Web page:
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I went to one of my son's Little League games last week at a field I'd never been to before. When I found a spot on the bleachers, I saw a sign on the fence surrounding the field that read:

"Please remember:

These are kids

This is a game

Coaches are volunteers

Umpires are human

Your child does not play for MLB."

I'd never seen a sign like this, so I took a quick picture of it and shared it on Twitter, saying it was sad a sign like this needed to exist, but I was glad it was there.

The tweet ended up widely shared, and I got a lot of responses from people, mostly sharing examples of bad experiences they'd had at games or similar signs they'd seen in places like Massachusetts and Ireland.

This could be a time to get into group mentality and how being in a crowd can affect people's behavior; the William Carlos Williams poem "The crowd at the ball game" would fit in really nicely there. Or to discuss the way youth sports have been ramped in some cases up to a degree that's not healthy; I wrote a story on that subject a few years ago.

But what stood out most to me was the simple reminder of the value of keeping things in perspective. A couple of days before the game where I saw the above-mentioned sign, I watched my second to youngest son play in his Little League game. He struck out both times he went to bat, but after the game, he came running to me, face lit up with a smile. He'd found two really cool rocks in the outfield, and that had made his night.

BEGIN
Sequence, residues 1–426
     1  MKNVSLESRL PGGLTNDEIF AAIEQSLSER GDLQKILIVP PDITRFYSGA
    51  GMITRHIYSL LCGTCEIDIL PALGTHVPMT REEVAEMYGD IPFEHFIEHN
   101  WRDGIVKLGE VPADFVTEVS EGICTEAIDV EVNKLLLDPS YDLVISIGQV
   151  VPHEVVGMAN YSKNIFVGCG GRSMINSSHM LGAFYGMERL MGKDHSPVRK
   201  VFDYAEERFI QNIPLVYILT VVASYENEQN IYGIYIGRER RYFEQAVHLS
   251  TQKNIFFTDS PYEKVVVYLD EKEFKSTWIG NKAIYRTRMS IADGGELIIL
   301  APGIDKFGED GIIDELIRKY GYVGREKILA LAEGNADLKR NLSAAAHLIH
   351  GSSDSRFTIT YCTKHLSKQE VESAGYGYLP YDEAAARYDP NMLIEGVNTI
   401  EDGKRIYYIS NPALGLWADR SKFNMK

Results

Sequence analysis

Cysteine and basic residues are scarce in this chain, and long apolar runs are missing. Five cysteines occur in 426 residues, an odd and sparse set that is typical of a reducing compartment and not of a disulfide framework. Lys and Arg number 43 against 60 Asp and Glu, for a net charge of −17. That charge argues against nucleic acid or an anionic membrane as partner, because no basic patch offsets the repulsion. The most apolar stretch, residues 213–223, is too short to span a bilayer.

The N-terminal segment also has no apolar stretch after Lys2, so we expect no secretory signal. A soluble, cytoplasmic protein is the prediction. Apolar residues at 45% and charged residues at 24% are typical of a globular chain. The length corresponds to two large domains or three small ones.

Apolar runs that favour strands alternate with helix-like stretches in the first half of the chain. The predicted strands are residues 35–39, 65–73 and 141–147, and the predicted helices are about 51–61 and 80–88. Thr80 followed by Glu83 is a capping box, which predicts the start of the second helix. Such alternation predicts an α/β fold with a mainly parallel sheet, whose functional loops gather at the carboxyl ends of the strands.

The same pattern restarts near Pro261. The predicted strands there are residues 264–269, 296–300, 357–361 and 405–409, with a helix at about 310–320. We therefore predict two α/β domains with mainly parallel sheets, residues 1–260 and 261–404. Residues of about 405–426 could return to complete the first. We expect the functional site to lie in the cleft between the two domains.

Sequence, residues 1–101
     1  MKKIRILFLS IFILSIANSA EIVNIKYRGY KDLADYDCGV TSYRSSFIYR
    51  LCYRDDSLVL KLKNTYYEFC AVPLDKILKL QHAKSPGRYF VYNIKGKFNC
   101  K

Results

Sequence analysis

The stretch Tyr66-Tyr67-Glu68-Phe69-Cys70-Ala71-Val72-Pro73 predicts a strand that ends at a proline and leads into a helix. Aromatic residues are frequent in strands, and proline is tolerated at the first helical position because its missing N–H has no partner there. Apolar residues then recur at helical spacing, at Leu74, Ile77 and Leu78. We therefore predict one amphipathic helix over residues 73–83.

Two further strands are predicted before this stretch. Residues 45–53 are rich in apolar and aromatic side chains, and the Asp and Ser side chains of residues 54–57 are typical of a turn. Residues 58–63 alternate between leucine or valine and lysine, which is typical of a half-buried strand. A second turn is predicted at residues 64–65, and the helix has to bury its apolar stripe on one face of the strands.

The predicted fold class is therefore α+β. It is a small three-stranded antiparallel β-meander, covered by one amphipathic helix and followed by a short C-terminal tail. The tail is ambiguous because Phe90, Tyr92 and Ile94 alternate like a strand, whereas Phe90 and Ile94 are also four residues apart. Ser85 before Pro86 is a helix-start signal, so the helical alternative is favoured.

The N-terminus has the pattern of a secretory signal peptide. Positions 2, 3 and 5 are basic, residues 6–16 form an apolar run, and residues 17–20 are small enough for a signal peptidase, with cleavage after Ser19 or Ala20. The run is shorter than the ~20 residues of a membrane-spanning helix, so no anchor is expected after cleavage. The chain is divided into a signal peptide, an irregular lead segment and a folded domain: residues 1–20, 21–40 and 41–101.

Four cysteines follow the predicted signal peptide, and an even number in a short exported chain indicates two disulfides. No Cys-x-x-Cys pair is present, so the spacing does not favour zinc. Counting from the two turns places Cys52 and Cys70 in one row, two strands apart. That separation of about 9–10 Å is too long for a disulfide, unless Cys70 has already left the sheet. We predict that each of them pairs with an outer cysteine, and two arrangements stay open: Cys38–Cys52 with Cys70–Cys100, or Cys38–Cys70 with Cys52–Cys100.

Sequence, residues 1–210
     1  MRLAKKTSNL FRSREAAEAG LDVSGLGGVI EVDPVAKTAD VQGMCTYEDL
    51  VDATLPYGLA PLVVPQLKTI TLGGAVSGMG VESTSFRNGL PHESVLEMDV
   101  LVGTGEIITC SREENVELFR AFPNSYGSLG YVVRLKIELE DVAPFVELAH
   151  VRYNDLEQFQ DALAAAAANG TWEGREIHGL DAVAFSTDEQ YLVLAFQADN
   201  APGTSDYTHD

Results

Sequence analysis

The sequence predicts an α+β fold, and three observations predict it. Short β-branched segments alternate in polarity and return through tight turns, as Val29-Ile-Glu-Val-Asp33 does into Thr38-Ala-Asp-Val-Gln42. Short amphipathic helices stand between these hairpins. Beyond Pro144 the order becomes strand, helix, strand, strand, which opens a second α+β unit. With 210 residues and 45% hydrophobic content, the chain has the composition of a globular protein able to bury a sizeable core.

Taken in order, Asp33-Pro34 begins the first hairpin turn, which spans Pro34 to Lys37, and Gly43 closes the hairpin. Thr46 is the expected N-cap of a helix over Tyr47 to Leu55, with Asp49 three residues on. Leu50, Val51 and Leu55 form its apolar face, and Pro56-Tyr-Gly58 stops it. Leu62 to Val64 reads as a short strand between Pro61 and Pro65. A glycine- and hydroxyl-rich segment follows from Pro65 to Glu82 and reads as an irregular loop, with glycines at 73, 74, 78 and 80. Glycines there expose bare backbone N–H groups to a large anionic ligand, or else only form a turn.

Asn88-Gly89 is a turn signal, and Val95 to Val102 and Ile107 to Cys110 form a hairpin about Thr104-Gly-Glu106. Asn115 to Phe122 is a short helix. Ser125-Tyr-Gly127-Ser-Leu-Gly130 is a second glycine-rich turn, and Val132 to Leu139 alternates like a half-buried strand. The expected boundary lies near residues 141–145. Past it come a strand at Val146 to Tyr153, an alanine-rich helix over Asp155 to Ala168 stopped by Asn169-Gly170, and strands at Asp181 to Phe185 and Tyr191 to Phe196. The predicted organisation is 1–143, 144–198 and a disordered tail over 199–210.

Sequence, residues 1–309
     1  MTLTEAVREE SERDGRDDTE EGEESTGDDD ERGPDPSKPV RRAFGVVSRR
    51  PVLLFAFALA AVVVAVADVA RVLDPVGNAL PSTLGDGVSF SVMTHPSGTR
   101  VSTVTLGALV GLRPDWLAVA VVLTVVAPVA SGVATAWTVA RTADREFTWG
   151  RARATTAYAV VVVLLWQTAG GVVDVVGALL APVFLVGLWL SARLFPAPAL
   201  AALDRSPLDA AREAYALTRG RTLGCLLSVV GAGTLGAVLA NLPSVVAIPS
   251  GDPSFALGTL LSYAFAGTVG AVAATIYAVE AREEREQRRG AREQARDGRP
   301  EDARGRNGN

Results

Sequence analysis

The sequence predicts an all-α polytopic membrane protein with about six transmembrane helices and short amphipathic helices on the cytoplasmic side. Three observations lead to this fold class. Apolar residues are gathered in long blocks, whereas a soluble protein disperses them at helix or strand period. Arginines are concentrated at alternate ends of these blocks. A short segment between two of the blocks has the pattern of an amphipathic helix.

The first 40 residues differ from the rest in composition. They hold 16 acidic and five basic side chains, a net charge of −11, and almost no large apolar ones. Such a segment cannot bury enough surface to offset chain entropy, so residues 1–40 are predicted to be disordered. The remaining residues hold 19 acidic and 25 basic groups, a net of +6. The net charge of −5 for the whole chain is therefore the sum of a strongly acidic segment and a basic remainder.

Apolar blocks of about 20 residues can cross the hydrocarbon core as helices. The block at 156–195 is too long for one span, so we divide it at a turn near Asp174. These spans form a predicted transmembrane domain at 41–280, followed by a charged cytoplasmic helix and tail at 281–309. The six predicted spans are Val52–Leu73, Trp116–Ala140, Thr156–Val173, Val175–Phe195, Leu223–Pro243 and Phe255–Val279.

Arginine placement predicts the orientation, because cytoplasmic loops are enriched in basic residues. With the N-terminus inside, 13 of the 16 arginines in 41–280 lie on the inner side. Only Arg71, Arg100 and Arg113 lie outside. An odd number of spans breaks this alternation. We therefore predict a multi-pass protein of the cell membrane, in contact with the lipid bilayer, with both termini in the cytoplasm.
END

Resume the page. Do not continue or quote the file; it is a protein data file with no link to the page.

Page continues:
Kids are naturally good and finding the fun in just about anything they do. In adulthood, it takes more intentional effort. We sometimes need a sign to remind us to keep perspective at a Little League game.

White Sox manager Tony La Russa said last week that at his level, players don't play ball, they work ball. When rookie outfielder Andrew Vaughn talked about getting out of a slump, he said the biggest part was reminding himself to enjoy being on the field: "Gotta be a little kid. It is your job, but if you go out there and have fun, everything works out." Just this past weekend, Cubs reliever Rex Brothers shared about how becoming a father has changed the way he sees his job as a baseball player. He also talked about the simple mantra that has helped him keep baseball in perspective: "I always told myself, play the game like you’re in high school," he said.

I think the sign at the Little League field resonated with me (and a lot of other people) so much because it's also a nice reminder to be careful not to take the joy out of what my kids are doing. I'm not prone to losing my cool in the stands at my kids' games, but it did make me think about the other parts of my life where I might be losing sight of the fun and even risking spoiling some of it for my kids by focusing on the wrong thing, like the two strikeouts instead of the smiling kid in front of me.



Twitter @jwyllys

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